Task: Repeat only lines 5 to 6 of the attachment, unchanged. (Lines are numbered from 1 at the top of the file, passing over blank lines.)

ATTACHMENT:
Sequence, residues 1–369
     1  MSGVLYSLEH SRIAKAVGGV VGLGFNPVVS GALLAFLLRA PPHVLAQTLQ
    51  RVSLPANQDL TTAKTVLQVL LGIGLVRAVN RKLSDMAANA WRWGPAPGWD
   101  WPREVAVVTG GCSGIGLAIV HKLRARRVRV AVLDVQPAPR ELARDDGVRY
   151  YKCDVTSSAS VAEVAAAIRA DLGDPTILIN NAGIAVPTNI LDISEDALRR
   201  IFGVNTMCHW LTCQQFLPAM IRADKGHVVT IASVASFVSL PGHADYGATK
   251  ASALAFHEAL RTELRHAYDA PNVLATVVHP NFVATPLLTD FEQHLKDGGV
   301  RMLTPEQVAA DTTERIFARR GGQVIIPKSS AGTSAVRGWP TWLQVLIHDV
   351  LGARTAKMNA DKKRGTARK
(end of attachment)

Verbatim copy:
   151  YKCDVTSSAS VAEVAAAIRA DLGDPTILIN NAGIAVPTNI LDISEDALRR
   201  IFGVNTMCHW LTCQQFLPAM IRADKGHVVT IASVASFVSL PGHADYGATK